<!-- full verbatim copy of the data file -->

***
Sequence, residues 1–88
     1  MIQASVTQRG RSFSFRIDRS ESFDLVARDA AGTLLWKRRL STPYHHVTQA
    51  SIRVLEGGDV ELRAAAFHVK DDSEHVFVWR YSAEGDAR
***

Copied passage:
Sequence, residues 1–88
     1  MIQASVTQRG RSFSFRIDRS ESFDLVARDA AGTLLWKRRL STPYHHVTQA
    51  SIRVLEGGDV ELRAAAFHVK DDSEHVFVWR YSAEGDAR